Popular Zoom iOS Meeting App Shares Your Private Data With Facebook Without Permission

Zoom iOS
It should come as no surprise that video conferencing software is seeing a sudden uptick in usage—more people are telecommuting in order to social distance themselves amid the COVID-19 outbreak. Zoom is among the beneficiaries of the current situation, though not without controversy. New research indicates that Zoom's iOS app is sending analytical data to Facebook on the sly.

Apps sending information to Facebook is not the least bit uncommon. Many apps and services tie their offerings into Facebook, and it can be convenient for users who do not want to juggle yet another account. But when it comes to sharing analytical data, that sort of thing should be made clear to users, and require their consent.

According to Motherboard, that is not the case with Zoom and its iOS application. The site conducted an investigation and found that Zoom notifies Facebook when the user opens the app and provides various details, such as the device they are using, the user's city they are connecting from and the time zone they are in, and a unique advertiser identifier created by the device for targeted advertising.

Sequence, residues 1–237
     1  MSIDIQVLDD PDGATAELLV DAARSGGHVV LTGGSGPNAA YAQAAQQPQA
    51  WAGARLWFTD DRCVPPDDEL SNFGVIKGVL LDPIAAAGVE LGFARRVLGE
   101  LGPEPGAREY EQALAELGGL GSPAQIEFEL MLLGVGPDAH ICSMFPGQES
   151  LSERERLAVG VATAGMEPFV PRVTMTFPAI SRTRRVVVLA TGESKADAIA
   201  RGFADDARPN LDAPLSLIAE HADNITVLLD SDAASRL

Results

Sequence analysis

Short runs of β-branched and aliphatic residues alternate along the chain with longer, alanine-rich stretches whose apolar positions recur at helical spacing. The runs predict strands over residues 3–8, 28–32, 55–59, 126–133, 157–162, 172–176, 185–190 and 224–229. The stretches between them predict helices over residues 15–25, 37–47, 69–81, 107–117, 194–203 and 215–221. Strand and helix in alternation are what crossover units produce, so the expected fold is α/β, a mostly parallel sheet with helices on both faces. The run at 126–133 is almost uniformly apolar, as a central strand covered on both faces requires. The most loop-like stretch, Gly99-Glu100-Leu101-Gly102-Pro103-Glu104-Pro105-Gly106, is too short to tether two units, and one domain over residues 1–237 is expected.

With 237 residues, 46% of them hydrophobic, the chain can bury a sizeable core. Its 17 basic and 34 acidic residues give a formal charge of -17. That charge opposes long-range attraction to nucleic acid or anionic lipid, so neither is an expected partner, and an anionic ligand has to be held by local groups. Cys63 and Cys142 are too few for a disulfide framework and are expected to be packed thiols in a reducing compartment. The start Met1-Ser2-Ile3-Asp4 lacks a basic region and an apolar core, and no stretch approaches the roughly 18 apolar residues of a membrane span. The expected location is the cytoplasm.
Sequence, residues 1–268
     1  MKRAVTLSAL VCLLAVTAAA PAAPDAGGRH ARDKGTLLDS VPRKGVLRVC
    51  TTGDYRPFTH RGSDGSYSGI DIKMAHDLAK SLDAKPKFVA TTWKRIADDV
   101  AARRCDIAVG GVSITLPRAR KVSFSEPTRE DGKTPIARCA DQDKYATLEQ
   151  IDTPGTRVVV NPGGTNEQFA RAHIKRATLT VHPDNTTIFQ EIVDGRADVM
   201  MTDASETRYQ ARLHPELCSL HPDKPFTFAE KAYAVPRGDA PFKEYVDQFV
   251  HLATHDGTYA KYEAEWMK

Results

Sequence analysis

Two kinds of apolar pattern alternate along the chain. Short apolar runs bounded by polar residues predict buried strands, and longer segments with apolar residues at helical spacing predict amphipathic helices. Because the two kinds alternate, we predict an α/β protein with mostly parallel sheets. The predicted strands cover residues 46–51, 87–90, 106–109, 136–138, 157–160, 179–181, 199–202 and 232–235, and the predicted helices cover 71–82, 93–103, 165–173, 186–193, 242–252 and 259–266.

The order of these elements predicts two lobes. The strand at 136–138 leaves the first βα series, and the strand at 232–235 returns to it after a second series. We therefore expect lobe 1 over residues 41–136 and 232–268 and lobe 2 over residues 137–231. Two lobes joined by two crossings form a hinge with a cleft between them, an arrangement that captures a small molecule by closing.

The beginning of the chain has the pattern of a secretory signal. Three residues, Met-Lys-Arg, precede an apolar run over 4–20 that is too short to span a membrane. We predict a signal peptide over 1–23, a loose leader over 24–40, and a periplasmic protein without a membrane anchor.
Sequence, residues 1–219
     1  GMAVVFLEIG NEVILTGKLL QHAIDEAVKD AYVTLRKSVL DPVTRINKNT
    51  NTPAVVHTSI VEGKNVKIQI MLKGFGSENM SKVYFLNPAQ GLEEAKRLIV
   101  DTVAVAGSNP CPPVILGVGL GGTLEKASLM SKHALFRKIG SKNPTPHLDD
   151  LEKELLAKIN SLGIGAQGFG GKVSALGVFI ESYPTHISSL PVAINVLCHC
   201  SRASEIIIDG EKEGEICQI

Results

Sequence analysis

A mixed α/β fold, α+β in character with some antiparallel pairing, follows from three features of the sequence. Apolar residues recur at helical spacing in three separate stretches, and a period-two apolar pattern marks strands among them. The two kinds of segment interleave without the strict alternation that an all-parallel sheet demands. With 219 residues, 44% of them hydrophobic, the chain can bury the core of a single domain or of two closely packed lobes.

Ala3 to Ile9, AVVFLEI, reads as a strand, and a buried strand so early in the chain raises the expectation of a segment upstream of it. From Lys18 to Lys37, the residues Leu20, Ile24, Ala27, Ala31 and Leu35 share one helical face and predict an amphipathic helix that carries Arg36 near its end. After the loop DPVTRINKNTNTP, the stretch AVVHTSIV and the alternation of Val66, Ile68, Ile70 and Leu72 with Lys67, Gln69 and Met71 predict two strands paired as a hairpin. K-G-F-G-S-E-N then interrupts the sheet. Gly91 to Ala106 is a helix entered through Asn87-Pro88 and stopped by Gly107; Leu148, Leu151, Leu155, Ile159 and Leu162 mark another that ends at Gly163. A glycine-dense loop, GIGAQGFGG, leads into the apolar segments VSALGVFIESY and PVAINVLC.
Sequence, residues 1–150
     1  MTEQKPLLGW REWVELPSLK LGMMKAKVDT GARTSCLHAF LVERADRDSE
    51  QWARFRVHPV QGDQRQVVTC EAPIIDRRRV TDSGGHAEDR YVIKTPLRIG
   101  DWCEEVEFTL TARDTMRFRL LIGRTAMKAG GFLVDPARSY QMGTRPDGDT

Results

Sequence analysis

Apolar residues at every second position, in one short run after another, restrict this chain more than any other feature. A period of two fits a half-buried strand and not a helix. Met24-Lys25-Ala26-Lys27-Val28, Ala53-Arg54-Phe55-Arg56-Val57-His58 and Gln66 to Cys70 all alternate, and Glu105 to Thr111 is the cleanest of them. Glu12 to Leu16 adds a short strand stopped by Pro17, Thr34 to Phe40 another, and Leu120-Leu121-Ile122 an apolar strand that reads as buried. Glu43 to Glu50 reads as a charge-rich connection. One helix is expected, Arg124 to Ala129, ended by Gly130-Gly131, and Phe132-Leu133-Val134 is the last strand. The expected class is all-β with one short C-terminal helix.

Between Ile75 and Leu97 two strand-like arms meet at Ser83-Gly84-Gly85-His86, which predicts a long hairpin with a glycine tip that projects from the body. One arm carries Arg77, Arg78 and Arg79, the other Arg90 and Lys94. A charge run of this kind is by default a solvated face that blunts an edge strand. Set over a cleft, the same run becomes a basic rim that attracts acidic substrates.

The issue with all this is, according to the report, that Zoom is not upfront about its data collection practices and the subsequent transfer to Facebook. Zoom's privacy policy does not cover the extent of what of the iOS does in this regard. It does say the app may collect a user's "Facebook profile information (when you use Facebook to log-in to our Products or to create an account for our Products)," but does not mention sending data to Facebook for users who don't even have a Facebook account.

"I think users can ultimately decide how they feel about Zoom and other apps sending beacons to Facebook, even if there is no direct evidence of sensitive data being shared in current versions," Will Strafach, an iOS researcher and founder of iOS app Guardian, told Motherboard.

Zoom has also captured the attention of the Electronic Frontier Foundation, which points out that administrators can access the contents of recorded calls. This includes video, audio, transcripts, and chat files, along with access to sharing, analytics, and cloud management privileges.